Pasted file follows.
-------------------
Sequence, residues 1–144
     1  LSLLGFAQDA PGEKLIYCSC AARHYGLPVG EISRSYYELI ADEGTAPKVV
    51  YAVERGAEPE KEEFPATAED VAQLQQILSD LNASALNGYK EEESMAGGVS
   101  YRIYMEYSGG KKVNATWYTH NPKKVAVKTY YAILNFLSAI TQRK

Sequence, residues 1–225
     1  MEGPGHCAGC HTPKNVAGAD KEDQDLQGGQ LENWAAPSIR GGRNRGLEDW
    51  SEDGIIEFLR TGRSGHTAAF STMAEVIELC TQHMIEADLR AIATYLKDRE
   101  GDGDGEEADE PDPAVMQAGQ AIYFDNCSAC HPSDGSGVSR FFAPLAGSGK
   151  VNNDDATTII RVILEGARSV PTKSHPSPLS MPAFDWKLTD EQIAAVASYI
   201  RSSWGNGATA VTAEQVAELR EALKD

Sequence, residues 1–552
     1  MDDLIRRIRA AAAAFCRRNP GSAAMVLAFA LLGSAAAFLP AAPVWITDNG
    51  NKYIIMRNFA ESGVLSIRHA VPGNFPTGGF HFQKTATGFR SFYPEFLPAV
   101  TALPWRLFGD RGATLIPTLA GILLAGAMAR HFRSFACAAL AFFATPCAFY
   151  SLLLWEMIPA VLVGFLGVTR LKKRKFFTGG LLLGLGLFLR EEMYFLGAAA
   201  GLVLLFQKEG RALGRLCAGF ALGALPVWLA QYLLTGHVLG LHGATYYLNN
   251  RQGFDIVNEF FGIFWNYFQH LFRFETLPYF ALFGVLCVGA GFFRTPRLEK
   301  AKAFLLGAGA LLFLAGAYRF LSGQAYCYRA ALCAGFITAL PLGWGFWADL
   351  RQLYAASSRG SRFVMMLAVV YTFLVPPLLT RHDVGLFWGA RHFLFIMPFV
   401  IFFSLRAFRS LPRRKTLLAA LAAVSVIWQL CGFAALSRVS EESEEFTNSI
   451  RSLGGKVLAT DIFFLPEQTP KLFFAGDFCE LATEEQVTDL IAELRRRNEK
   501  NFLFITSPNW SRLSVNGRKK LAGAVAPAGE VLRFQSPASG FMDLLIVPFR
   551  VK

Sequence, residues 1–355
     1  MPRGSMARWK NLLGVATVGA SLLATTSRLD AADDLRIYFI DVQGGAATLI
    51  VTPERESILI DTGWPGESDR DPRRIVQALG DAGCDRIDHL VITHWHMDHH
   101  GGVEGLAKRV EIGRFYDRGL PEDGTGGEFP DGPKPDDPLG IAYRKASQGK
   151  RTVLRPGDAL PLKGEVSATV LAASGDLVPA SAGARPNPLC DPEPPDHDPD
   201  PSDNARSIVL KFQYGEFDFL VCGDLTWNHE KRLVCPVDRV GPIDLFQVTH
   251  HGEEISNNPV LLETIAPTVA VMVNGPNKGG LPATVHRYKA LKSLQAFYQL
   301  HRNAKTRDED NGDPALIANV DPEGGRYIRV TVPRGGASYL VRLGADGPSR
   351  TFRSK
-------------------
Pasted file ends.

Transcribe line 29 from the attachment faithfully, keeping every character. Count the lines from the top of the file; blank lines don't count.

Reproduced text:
   201  PSDNARSIVL KFQYGEFDFL VCGDLTWNHE KRLVCPVDRV GPIDLFQVTH